activated as an electrophile by coordination of the olefinic
double bond to the carbophilic Lewis acid. Cooperative
reactivity between two metal centers has been suggested for
enzymatic systems[11] and is emerging as an intriguing design
principle for artificial catalysts.[12]
Bispalladacycle FBIP-OTs, which was generated in situ
from FBIP-Cl by treatment with AgOTs,[13] was indeed able
to smoothly catalyze the addition of a-phenyl-substituted
cyanoacetate 1 Aa (R = Me) to methyl vinyl ketone (MVK)
(precatalyst loading 0.5 mol %), albeit with poor enantioselectivity (Table 1, entry 1).[14, 15] The enantioselectivity was
considerably increased by use of bulky ester groups, though at
the expense the reaction rate (Table 1, entries 2 and 4; initial
reaction rates at c = 0.20 mol L 1: 1 Ab: 40.6 mmol L 1 h 1;
1 Ad: 18.4 mmol L 1 h 1). To increase the reactivity of the tertbutyl ester 1 Ad, various solvents were screened. The reaction
medium was found to have a strong influence: the enantioselectivity decreased in all solvents tested relative to the
selectivity in CH2Cl2, while a significantly enhanced reaction
rate was noticed in cyclohexane, Et2O, diglyme, and EtOH
(Table 1, entries 7, 8, 11, and 13). Whereas in the protic
solvent EtOH, nearly racemic product was formed, the
reaction in in diglyme showed promising selectivity, which
2008 Wiley-VCH Verlag GmbH & Co. KGaA, Weinheim
Angew. Chem. Int. Ed. 2008, 47, 9284 –9288
Angewandte
Chemie
Table 1: Optimization of the model reaction.[a]
cal reasons tBu esters were chosen for the investigation of the
reaction scope.
Significantly, reactions of a range of a-aryl-a-cyanoacetate donors with various vinyl ketone acceptors proceeded
with excellent yield and high enantioselectivity (Table 2). The
Table 2: Scope and limitations of the reaction.[a]
Entry
1A
R
Solv.
Ar
Additive
(mol %)
Yield
[%][b]
ee
[%][c]
1
2
3
4
5
6
7
8
9
10
11
12
13
14
15
16
17
18[d]
19[e]
20[e]
21
1 Aa
1 Ab
1 Ac
1 Ad
1 Ad
1 Ad
1 Ad
1 Ad
1 Ad
1 Ad
1 Ad
1 Ad
1 Ad
1 Ad
1 Ad
1 Ad
1 Ad
1 Ad
1 Ad
1 Ad
1 Ae
Me
Et
Bn
tBu
tBu
tBu
tBu
tBu
tBu
tBu
tBu
tBu
tBu
tBu
tBu
tBu
tBu
tBu
tBu
tBu
R[f ]
CH2Cl2
CH2Cl2
CH2Cl2
CH2Cl2
CHCl3
toluene
c-C6H12
Et2O
THF
DME
diglyme
MeCN
EtOH
diglyme
diglyme
diglyme
diglyme
diglyme
diglyme
diglyme
diglyme
p-Tol
p-Tol
p-Tol
p-Tol
p-Tol
p-Tol
p-Tol
p-Tol
p-Tol
p-Tol
p-Tol
p-Tol
p-Tol
Mes
Tipp
Tipp
Tipp
Tipp
Tipp
Tipp
Tipp
–
–
–
–
–
–
–
–
–
–
–
–
–
–
–
HOAc
HOAc
HOAc
HOAc
HOAc
HOAc
95
93
> 99
81
60
71
96
94
69
49
97
13
> 99
99
> 99
99
99
> 99
94
93
> 99
11
33
41
81
69
56
62
54
46
38
75
11
4
84
86
90
90
90
88
86
95
(10)
(1)
(20)
(20)
(10)
(20)
[a] 25 mg 1 A, 2.0 equiv MVK, 0.5 mL solvent if not mentioned otherwise.
[b] Determined by 1H NMR spectroscopy. [c] Determined by HPLC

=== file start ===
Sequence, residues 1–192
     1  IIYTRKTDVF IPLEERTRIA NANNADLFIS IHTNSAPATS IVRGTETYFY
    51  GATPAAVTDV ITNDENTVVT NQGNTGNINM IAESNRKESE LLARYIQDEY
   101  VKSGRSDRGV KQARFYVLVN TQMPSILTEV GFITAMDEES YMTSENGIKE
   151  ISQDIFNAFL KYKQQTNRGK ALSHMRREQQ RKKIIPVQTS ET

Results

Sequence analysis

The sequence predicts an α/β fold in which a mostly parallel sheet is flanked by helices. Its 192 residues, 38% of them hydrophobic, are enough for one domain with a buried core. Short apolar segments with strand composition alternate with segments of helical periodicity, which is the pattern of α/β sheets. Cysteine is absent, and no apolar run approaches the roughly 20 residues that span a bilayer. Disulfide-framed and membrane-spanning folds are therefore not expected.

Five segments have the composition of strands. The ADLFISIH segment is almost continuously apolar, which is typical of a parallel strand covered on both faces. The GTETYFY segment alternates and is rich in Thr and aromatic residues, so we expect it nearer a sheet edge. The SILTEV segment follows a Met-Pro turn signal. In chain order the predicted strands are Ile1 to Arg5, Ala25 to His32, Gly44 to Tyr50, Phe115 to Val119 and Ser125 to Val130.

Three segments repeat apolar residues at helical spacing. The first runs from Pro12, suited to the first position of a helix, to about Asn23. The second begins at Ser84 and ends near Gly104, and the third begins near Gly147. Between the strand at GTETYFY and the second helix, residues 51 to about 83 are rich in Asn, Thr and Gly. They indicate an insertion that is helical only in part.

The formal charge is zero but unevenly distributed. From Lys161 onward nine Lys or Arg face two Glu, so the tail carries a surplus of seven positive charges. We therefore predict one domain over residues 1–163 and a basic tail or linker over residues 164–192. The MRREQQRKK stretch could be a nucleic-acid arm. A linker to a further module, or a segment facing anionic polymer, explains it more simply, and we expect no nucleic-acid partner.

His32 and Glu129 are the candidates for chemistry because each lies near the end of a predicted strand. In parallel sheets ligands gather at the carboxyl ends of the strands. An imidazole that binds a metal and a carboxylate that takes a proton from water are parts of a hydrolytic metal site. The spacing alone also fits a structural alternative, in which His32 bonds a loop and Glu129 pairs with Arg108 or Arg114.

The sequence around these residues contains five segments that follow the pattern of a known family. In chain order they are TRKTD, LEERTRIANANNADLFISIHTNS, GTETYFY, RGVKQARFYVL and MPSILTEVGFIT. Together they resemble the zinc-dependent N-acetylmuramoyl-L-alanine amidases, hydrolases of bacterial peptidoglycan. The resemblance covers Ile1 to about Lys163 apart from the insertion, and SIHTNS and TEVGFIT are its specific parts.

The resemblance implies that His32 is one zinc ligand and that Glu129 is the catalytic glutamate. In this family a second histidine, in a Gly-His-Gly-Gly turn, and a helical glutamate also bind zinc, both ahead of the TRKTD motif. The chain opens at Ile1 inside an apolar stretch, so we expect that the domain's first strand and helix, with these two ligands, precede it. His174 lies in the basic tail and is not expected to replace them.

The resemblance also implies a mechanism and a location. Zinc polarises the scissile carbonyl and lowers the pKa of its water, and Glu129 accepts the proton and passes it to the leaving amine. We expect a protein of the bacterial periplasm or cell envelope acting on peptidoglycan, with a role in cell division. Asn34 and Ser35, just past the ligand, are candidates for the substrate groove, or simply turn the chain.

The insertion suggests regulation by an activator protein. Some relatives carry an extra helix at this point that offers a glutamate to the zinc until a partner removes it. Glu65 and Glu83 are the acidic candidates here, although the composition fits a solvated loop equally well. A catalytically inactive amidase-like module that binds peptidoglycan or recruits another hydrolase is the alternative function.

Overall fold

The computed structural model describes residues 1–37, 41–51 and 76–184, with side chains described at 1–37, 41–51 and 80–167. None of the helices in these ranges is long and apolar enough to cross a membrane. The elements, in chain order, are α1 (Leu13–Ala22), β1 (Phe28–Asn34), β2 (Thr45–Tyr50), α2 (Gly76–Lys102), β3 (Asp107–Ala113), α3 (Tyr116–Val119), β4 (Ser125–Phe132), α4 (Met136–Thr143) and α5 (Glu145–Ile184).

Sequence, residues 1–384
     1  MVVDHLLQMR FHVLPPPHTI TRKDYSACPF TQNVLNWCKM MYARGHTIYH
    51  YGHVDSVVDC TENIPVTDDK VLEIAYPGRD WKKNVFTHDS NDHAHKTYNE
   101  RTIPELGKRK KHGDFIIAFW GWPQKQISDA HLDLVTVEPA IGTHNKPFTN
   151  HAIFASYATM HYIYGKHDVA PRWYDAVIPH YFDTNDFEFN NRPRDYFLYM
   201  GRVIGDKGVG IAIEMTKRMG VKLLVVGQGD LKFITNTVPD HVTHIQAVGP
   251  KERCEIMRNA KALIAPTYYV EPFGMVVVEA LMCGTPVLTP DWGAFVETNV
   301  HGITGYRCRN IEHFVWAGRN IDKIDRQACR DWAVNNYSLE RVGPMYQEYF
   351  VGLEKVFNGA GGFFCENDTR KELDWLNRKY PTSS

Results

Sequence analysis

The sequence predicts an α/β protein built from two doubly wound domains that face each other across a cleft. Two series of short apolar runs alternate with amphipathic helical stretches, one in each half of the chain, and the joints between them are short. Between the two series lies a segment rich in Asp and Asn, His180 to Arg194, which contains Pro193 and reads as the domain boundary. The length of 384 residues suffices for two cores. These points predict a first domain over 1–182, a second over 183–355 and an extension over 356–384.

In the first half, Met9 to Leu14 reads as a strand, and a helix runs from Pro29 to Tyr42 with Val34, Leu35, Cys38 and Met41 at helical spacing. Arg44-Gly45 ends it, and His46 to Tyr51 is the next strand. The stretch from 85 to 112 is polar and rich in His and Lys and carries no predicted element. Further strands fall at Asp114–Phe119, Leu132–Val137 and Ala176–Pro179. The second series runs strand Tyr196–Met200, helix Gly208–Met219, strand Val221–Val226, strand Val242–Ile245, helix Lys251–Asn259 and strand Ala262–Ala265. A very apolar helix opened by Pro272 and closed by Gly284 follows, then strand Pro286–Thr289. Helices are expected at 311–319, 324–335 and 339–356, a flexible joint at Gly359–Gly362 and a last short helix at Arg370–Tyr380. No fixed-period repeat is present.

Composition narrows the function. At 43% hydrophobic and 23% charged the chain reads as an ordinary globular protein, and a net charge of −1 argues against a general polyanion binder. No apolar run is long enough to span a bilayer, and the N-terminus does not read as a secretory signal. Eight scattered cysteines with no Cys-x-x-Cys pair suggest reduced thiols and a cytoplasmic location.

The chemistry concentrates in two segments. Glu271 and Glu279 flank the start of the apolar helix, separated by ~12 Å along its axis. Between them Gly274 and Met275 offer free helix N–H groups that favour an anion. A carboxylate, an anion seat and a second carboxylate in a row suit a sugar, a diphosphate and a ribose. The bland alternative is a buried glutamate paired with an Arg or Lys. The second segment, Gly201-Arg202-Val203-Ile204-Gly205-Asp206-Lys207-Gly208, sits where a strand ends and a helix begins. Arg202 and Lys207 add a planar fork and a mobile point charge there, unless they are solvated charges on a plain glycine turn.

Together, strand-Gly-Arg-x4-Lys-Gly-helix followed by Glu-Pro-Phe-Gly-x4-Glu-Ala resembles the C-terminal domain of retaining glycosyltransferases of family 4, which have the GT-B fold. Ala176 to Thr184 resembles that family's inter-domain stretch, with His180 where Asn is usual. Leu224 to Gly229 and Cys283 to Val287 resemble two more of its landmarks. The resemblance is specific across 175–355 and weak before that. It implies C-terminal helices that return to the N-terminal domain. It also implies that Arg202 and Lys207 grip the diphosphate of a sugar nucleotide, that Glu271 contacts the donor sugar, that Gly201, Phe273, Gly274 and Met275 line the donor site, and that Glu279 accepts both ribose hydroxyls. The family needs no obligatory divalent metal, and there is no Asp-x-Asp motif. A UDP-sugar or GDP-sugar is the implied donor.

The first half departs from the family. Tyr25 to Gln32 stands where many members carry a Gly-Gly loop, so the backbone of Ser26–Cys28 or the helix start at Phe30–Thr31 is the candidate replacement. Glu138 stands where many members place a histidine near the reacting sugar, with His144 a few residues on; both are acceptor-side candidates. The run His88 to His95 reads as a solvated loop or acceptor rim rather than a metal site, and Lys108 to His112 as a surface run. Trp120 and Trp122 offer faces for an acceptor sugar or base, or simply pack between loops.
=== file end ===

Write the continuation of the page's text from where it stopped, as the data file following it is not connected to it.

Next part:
methods. [d] 0.2 mol % FBIP-Cl, 1.2 mol % Ag salt, 110 mL diglyme.
[e] 0.1 % FBIP-Cl, 0.6 % Ag salt, 110 mL diglyme. [f ] R = CH(iPr)2, 250 mg
1 Ae,1.4 mL diglyme. Mes = 2,4,6-Me3-C6H2 ; Tipp = 2,4,6-iPr3-C6H2.
could be further enhanced by increasing the steric demand of
the sulfonate counteranion without diminishing the catalytic
activity (Table 1, entries 14 and 15).
The results from entries 1–15 in Table 1 were obtained
with technical-grade MVK. Surprisingly, purification of MVK
by distillation led to a sharp decrease in enantioselectivity
(74 % ee, 0.2 % mol % FBIP-Cl, 1.2 % mol % Ag-O3S-Tipp,
2 equiv MVK, diglyme, RT). Since commercial MVK is
stabilized by acetic acid and hydroquinone, the impact of
these two additives was studied. While hydroquinone slightly
retarded the reaction, the presence of catalytic amounts of
acetic acid proved beneficial in terms of enantioselectivity.
Almost identical results were obtained with 1, 10, and
20 mol % HOAc (Table 1, entries 16–20). Reducing the
precatalyst loading to 0.2 mol % led to identical results
(Table 1, entry 18), and even with as little as 0.1 mol %
precatalyst, the reaction was still relatively efficient after a
reaction time of 20 h (Table 1, entries 19 and 20). Although
substrate 1 Ae bearing the especially bulky (diisopropyl)methyl ester unit led to even higher selectivity under the
optimized reaction conditions (Table 1, entry 21), for practiAngew. Chem. Int. Ed. 2008, 47, 9284 –9288
Entry 1
R1
R2
2
FBIP-Cl Yield ee
[mol %] [%][b] [%][c]
1
2[d]
3
4
5
6
7
8
9[e]
10
11[f ]
12[e,f ]
13
14
15
16
17
18
19
20
21
Ph
Ph
Ph
Ph
Ph
Ph
Ph
p-Br-C6H4
p-Br-C6H4
p-Cl-C6H4
p-Cl-C6H4
p-Cl-C6H4
p-Cl-C6H4
p-F-C6H4
p-F-C6H4
p-Me-C6H4
m-Br-C6H4
m-Cl-C6H4
m-CF3-C6H4
m-MeO-C6H4
m-Me-C6H4
Me
Me
Et
n-Pr
n-Pent
Ph
p-MeO-C6H4
Me
Me
Me
Me
Me
Et
Me
Me
Me
Me
Me
Me
Me
Me
2 Ada
2 Ada
2 Adb
2 Adc
2 Add
2 Ade
2 Adf
2 Bda
2 Bda
2 Cda
2 Cda
2 Cda
2 Cdb
2 Dda
2 Dda
2 Eda
2 Fda
2 Gda
2 Hda
2 Ida
2 Jda
0.2
0.2
0.75
1.0
1.0
1.0
1.0
0.1
0.05
0.1
0.05